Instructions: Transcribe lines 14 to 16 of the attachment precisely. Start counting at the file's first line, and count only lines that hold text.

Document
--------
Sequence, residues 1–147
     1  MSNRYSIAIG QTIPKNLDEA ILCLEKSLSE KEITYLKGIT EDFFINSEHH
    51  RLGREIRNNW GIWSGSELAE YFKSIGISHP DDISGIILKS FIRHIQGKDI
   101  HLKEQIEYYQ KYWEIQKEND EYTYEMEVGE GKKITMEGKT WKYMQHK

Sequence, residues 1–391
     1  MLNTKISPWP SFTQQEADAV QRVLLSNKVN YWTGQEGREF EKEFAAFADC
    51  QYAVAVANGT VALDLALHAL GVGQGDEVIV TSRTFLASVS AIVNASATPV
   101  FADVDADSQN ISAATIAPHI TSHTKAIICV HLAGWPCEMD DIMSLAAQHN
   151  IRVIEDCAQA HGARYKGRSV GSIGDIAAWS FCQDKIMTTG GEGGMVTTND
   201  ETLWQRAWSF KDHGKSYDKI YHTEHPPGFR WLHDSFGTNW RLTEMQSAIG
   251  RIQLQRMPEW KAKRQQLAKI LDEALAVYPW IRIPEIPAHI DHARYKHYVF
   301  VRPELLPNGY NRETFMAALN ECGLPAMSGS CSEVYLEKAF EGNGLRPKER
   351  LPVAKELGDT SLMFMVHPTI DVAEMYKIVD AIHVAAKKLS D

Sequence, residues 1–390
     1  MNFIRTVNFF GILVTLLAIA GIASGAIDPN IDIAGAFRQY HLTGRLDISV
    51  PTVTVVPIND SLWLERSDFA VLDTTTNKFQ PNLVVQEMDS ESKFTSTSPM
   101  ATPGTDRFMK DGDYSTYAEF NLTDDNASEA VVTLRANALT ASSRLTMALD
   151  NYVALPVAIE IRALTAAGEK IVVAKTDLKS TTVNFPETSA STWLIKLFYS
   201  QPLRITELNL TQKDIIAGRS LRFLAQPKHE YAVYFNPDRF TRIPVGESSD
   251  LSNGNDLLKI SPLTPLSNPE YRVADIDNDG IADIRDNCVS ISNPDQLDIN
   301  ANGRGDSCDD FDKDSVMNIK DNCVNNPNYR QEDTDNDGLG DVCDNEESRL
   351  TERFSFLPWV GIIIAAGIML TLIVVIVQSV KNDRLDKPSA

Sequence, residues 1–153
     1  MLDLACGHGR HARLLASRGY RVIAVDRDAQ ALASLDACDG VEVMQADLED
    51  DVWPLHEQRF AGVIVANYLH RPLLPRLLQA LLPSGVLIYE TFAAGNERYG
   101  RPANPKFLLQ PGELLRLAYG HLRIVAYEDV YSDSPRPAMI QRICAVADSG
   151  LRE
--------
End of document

Sequence, residues 1–390
     1  MNFIRTVNFF GILVTLLAIA GIASGAIDPN IDIAGAFRQY HLTGRLDISV
    51  PTVTVVPIND SLWLERSDFA VLDTTTNKFQ PNLVVQEMDS ESKFTSTSPM